In The City That Siestas
Siesta: An afternoon rest or nap.
Coming from the “City That Never Sleeps” (New York, of course) makes it odd to encounter shops and restaurants that close for a few hours in the middle of the day. Although I’m an avid fan of la siesta when I’m in the Dominican Republic for vacation, they strike me a bit inconvenient as a student. Nonetheless, I’ve started getting accustomed the Spanish lifestyle.
To be clear, I live in Getafe which is in southern Madrid. It’s a peaceful, residential neighborhood with it’s differences from New Paltz. The population consists of a lot of families and older people, which definitely provides a new-comer like myself with a sense of safety/security. As in most of Madrid, there are always people in the streets: walking their dogs, riding bikes, chatting away in small groups, jogging, etc. There are also fountains in abundance, providing a really fresh ambiance. To my knowledge, there are several bars the students like to go to ( El Refugio is a name I hear a lot) and for grander nights out, students flock to central Madrid (Sol & Atocha are “the spots” for clubbing. Key example is “Kapital“, a seven-story megaclub is student-magnet.) But overall, Getafe is a great place to air out the mind after a day of classes.
This past Saturday, I went on a day trip to Toledo with a classmate from the Spanish intensive course I’m taking. The coolest part was we decided to go the day before and bought bus tickets at the station Saturday morning for about 10 euros each! Toldedo is beautiful. I felt like the place wasn’t real, like I was on a huge movie set. The city ascents not so gradually, so getting to the center required a steep walk, but walking through the narrow, cobblestone streets was worth it. My mate and I walked through the Lonely Planet’s acclaimed “open-air museum” that is the city and took in the sights. Toledo is a declared World Heritage Site by UNESCO because of it’s past co-existence of Christians, Jews, and Muslims; we encountered mosques-turned churches, synagogue-turned-church-turned back to-synagogue, and the like. Prior to visiting Toledo, I had also heard about it’s specialty in making marzipan (a sweet, almond-meal treat), so we made sure to pick up an artisanal batch! After a filling almuerzo (lunch) at Restaurante Palacio, we visisted the [free!] Museo de Santa Cruz and finally snaked back downhill to take our bus back to Madrid. T’was a successful day.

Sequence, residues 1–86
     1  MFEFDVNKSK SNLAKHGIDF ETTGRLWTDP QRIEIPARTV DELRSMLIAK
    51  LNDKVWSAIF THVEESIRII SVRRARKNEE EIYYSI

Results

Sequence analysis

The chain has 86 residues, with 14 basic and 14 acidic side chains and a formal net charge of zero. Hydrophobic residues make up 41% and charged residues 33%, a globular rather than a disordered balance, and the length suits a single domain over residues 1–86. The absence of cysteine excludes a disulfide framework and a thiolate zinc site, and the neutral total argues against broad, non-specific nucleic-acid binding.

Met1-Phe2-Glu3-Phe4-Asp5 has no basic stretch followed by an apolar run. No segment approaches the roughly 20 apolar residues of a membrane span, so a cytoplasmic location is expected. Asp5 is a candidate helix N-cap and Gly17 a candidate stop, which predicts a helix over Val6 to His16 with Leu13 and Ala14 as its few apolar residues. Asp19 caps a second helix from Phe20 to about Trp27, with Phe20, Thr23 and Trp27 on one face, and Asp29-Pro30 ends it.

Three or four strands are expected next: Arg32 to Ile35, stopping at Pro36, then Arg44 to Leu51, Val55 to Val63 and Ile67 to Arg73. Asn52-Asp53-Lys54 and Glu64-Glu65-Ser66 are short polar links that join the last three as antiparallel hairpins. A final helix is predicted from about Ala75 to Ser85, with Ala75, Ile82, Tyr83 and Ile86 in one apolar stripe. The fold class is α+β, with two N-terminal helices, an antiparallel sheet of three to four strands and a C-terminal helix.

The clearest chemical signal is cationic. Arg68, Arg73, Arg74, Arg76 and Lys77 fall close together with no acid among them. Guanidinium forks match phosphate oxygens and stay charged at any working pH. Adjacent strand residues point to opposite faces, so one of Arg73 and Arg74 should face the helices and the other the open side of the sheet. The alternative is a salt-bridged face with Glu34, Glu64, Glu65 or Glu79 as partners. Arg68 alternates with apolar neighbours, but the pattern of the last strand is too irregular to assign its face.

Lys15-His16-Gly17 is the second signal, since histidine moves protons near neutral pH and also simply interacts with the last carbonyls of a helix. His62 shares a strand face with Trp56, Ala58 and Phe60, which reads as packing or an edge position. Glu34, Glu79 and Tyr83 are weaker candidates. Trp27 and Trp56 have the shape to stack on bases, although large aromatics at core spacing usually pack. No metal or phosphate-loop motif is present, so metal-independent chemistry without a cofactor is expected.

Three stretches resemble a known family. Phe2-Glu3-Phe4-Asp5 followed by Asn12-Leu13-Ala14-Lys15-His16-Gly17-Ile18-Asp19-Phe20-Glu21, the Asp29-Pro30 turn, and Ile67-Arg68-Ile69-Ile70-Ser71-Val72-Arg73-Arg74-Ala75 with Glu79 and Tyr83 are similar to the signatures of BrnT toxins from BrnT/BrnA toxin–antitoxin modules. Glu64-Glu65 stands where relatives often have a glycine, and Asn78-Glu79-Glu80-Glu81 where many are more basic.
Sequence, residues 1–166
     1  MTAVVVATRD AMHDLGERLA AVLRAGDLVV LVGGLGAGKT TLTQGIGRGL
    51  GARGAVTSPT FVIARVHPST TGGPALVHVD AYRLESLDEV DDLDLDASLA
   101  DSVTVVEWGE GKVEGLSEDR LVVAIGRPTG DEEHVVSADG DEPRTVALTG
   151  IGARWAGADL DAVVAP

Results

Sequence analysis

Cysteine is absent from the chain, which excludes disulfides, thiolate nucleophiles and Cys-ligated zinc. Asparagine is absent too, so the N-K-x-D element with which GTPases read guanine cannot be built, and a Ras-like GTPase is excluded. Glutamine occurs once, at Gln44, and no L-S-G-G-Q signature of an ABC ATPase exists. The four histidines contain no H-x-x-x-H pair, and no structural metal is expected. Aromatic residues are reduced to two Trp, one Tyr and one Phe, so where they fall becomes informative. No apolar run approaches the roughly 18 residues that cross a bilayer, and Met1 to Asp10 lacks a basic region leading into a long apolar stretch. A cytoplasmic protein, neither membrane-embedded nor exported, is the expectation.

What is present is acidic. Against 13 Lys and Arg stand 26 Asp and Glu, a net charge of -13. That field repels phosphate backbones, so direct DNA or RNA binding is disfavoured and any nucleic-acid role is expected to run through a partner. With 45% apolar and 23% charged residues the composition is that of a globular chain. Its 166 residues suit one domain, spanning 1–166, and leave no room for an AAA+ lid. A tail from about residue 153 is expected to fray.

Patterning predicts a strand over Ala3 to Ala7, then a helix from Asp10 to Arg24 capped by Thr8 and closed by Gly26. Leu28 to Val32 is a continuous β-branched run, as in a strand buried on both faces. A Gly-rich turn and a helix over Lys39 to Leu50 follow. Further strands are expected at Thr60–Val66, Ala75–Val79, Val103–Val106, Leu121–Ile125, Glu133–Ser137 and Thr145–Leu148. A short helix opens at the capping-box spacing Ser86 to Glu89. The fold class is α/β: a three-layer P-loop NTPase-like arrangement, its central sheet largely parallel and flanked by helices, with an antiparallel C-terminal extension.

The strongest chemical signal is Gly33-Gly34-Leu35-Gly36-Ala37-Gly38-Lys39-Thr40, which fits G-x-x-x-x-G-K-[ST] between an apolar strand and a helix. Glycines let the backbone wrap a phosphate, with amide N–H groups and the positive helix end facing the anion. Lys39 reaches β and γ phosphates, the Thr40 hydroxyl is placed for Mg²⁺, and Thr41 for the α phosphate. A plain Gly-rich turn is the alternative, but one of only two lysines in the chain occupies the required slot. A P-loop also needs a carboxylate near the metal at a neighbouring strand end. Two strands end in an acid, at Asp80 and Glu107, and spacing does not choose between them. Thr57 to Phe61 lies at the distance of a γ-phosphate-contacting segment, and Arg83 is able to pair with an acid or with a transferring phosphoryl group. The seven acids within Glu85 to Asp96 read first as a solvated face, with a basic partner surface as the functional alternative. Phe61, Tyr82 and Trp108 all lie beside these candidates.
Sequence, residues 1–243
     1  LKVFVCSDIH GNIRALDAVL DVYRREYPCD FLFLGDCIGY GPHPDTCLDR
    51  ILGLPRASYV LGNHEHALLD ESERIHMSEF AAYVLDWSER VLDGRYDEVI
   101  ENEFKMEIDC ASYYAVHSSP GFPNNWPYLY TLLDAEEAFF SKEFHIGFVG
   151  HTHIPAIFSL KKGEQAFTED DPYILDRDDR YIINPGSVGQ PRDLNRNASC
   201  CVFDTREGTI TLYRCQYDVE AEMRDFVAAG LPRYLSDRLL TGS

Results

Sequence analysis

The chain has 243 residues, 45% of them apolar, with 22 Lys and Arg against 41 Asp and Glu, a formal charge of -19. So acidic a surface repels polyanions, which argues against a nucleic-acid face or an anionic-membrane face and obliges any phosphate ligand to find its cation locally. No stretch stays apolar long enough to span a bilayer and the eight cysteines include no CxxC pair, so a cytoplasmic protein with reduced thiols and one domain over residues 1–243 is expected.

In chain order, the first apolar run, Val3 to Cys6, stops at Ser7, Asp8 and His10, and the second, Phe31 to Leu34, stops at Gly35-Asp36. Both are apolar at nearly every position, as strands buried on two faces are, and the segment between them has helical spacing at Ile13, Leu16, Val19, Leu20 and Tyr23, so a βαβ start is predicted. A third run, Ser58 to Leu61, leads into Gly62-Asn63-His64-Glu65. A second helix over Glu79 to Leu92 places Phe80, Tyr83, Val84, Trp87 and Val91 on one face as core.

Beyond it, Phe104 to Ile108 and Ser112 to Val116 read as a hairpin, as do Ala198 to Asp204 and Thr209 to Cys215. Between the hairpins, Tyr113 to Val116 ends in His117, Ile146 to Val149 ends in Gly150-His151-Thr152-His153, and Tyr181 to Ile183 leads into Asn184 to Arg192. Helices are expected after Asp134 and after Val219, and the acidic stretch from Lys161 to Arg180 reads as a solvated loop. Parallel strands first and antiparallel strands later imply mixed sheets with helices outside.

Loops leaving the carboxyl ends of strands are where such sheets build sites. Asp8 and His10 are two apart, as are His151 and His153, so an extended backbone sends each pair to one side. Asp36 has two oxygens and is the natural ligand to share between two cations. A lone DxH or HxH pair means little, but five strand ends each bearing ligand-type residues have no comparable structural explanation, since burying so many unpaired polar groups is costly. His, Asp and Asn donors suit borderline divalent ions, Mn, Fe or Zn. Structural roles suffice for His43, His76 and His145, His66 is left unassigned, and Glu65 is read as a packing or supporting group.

Tomorrow is my official first day of classes, so I should get some rest. In regards to the course selection process, I had a much easier time signing up for classes than most other students. Course registration opened at 9:00 a.m. last week and in 6 minutes, I had all the classes I wanted. Most other students who waited till about 9:30 a.m. had a much harder time registering due to the overload of the system…so, I strongly advising being ready to sign up for classes to avoid being locked out of classes. I have an awesome schedule with Mondays and Fridays off: hello four-day weekend! Tomorrow I have “History of Spain” and “Photography: Theory and Practice”, both in Spanish, so cheers to the actual beginning of my semester!